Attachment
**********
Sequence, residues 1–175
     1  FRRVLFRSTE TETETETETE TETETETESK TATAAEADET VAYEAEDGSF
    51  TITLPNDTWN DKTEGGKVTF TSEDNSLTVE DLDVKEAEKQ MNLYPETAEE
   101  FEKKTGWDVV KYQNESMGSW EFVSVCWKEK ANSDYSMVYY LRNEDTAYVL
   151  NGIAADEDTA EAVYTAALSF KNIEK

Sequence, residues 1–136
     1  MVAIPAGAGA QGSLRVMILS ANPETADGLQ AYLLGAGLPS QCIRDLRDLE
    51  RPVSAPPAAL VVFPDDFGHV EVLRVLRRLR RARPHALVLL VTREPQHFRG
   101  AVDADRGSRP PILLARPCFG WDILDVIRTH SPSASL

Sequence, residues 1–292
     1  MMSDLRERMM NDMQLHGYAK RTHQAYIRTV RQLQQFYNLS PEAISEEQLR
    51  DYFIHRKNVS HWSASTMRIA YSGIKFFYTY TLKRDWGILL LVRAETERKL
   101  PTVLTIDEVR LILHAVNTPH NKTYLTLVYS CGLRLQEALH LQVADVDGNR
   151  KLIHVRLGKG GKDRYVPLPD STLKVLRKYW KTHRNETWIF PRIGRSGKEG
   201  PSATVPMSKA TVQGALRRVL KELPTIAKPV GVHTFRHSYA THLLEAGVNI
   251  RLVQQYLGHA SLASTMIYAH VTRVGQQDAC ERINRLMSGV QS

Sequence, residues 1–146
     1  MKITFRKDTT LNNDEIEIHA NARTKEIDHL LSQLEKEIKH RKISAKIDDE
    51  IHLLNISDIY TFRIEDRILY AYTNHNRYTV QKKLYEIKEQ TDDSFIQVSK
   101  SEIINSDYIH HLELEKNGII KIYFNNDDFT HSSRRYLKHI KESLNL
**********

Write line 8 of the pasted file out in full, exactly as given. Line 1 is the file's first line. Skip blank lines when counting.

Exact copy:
    51  RPVSAPPAAL VVFPDDFGHV EVLRVLRRLR RARPHALVLL VTREPQHFRG